Building Big Data Storage Solutions (Data Lakes) for Maximum Flexibility
Building Big Data Storage Solutions (Data Lakes) for Maximum Flexibility

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Transforming Data Assets

One of the core values of a data lake is that it is the collection point and repository for all of an organization’s data assets, in whatever their native formats are. This enables quick ingestion, elimination of data duplication and data sprawl, and centralized governance and management. After the data assets are collected, they need to be transformed into normalized formats to be used by a variety of data analytics and processing tools.

The key to ‘democratizing’ the data and making the data lake available to the widest number of users of varying skill sets and responsibilities is to transform data assets into a format that allows for efficient ad hoc SQL querying. As discussed earlier, when a data lake is built on AWS, we recommend transforming log-based data assets into Parquet format. AWS provides multiple services to quickly and efficiently achieve this.

There are a multitude of ways to transform data assets, and the “best” way often comes down to individual preference, skill sets, and the tools available. When a data lake is built on AWS services, there is a wide variety of tools and services available for data transformation, so you can pick the methods and tools that you are most comfortable with. Since the data lake is inherently multi-tenant, multiple data transformation jobs using different tools can be run concurrently.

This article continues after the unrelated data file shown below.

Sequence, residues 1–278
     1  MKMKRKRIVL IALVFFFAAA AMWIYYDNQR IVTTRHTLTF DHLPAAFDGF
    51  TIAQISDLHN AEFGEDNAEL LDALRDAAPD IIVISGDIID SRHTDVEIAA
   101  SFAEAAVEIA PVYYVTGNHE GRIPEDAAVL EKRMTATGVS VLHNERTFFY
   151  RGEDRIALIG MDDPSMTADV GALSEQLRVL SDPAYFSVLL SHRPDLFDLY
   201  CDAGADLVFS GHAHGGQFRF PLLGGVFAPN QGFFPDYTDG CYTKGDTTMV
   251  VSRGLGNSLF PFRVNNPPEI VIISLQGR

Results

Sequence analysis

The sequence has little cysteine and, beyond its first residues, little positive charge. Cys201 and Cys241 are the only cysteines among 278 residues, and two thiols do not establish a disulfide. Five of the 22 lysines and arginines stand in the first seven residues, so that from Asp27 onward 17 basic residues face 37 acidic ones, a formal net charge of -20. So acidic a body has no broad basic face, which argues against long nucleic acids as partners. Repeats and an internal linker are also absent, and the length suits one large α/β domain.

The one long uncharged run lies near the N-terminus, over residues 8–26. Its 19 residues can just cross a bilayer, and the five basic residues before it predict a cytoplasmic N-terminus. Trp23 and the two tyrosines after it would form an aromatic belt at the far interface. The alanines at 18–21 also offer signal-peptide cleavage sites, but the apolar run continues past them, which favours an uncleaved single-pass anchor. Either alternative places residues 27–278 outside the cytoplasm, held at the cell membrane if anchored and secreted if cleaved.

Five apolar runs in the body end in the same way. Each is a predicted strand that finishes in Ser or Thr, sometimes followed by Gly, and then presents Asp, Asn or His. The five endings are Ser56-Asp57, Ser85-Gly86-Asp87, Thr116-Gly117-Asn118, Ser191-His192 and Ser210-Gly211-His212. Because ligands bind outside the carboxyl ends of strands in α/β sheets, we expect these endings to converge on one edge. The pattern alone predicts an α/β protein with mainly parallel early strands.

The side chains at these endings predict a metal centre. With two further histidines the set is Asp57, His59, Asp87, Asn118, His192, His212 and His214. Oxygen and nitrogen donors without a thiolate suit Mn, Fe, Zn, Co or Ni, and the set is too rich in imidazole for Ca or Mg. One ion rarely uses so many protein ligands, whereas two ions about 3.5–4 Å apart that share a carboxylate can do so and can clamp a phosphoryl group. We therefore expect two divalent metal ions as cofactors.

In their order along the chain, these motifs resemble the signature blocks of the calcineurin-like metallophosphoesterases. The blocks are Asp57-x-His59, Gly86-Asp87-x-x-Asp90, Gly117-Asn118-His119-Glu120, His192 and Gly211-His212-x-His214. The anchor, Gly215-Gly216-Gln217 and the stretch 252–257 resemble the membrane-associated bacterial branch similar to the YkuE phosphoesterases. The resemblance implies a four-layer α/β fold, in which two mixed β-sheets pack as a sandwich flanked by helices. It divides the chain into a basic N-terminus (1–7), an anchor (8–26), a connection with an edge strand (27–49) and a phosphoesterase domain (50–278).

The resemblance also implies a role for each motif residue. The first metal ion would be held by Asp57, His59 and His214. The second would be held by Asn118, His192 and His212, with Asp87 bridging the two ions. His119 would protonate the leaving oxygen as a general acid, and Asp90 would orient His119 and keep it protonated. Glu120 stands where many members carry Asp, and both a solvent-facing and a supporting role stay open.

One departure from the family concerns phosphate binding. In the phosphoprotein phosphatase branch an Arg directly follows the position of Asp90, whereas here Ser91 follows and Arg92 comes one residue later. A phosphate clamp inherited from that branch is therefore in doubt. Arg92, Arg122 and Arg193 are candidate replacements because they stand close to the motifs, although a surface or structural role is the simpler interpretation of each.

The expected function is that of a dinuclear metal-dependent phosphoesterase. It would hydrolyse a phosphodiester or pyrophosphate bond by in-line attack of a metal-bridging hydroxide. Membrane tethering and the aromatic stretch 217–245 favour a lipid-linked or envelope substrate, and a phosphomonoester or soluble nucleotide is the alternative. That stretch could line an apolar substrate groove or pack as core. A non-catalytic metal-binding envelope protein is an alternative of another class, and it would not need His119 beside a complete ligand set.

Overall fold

The two most common and straightforward methods to transform data assets into Parquet in an Amazon S3-based data lake use Amazon EMR clusters. The first method involves creating an EMR cluster with Hive installed using the raw data assets in Amazon S3 as input, transforming those data assets into Hive tables, and then writing those Hive tables back out to Amazon S3 in Parquet format. The second, related method is to use Spark on Amazon EMR. With this method, a typical transformation can be achieved with only 20 lines of PySpark code.

A third, simpler data transformation method on an Amazon S3-based data lake is to use AWS Glue. AWS Glue is an AWS fully managed extract, transform, and load (ETL) service that can be directly used with data stored in Amazon S3. AWS Glue simplifies and automates difficult and time-consuming data discovery, conversion, mapping, and job scheduling tasks. AWS Glue guides you through the process of transforming and moving your data assets with an easy-to-use console that helps you understand your data sources, transform and prepare these data assets for analytics, and load them reliably from Amazon S3 data sources back into Amazon S3 destinations.

AWS Glue automatically crawls raw data assets in your data lake’s S3 buckets, identifies data formats, and then suggests schemas and transformations so that you don’t have to spend time hand-coding data flows. You can then edit these transformations, if necessary, using the tools and technologies you already know, such as Python, Spark, Git, and your favorite integrated developer environment (IDE), and then share them with other AWS Glue users of the data lake. AWS Glue’s flexible job scheduler can be set up to run data transformation flows on a recurring basis, in response to triggers, or even in response to AWS Lambda events.

AWS Glue automatically and transparently provisions hardware resources and distributes ETL jobs on Apache Spark nodes so that ETL run times remain consistent as data volume grows. AWS Glue coordinates the execution of data lake jobs in the right sequence, and automatically re-tries failed jobs. With AWS Glue, there are no servers or clusters to manage, and you pay only for the resources consumed by your ETL jobs.